Abuse of elderly persons is said to be on the rise in Ghana despite existence of a National Ageing Policy approved by government seven years ago.

Local non-governmental organization, Guardians of Gray Masters Foundation, suggests adults suffer physical, spiritual and emotional torture each passing day.

Executive Director, Abigail Appiah, tells Joy News majority of such cases go unreported.

Though figures are not available, she says abuse occurs in homes, healthcare institutions and even within religious space.

The World Health Organization estimates the population of people above 60-years will exceed that of younger persons by 2050.

Neglect, violence, and exploitation are among major issues facing senior citizens around the world

They however remain the least reported and investigated forms of violence in developing countries like Ghana.

 Guardians of Gray Masters Foundation wants government to put in place more effective measures to protect the aged.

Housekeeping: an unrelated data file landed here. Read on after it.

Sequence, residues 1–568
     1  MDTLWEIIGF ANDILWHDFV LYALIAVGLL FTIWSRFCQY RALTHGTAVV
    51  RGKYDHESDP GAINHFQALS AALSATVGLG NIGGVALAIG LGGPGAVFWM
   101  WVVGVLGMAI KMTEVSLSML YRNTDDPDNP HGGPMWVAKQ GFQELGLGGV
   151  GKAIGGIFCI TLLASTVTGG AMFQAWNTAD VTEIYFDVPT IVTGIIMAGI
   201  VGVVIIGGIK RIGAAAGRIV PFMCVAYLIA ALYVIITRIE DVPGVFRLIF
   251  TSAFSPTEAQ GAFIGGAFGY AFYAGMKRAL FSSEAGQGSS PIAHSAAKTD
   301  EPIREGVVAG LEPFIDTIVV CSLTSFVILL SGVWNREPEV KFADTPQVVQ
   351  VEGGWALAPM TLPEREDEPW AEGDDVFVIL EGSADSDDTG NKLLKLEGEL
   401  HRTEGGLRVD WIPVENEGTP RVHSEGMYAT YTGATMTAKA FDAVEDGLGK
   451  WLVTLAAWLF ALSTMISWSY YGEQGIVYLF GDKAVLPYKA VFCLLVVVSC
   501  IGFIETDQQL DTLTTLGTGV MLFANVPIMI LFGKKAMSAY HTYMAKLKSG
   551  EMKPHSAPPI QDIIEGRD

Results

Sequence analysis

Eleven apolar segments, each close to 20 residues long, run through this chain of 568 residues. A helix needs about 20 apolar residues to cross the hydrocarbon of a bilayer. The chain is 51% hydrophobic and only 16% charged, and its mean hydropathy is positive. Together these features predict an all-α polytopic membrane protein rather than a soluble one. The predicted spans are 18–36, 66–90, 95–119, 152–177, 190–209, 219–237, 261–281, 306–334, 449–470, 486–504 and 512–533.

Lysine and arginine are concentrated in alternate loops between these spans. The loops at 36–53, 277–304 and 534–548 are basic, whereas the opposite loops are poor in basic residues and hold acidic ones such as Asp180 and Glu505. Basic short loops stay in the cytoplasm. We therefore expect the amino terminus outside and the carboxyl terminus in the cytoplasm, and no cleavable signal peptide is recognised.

The foundation’s Executive Director, Abigail Appiah says, “About 90 % of these people live in extreme poverty-no money to access health insurance, pay caregiver, eat or take care of themselves in illness. They face stigmatization and neglect. The aged are physically assaulted, spiritually maligned and emotionally bruised in various ways”

Government approved in 2010 a national policy on ageing but had to run to the World Health Organization two years later to seek help for implementation.

A multi-stakeholder team was then set up to draw concrete recommendations for addressing priority areas.

These recommendations cover community sensitization as well as broadening the coverage of national health insurance schemes.

It also makes hearing devices and eye glasses available to the aged.

They were later absorbed into Ghana’s 3-year Medium Term Health Strategy which started in 2014.

The foundation wants government to speed up passage of the National Aged Bill into law as well as constitute a National Council on Ageing.

“Fighting elder abuse should be a concern to every individual because as the saying goes, 'the young shall grow-both the rich and poor'.

"Fighting elder abuse is fighting for the comfort of our future in our old age,” says Mrs Abigail Appiah.

The United Nations has designated June 15 as World Elder Abuse Awareness Day .

It draws global attention to the problem of physical, emotional and financial abuse of the aged.

The theme for the year’s World Elder Abuse Awareness Day is, “Understand and End Financial Abuse of Older People: A Human Rights Issue.”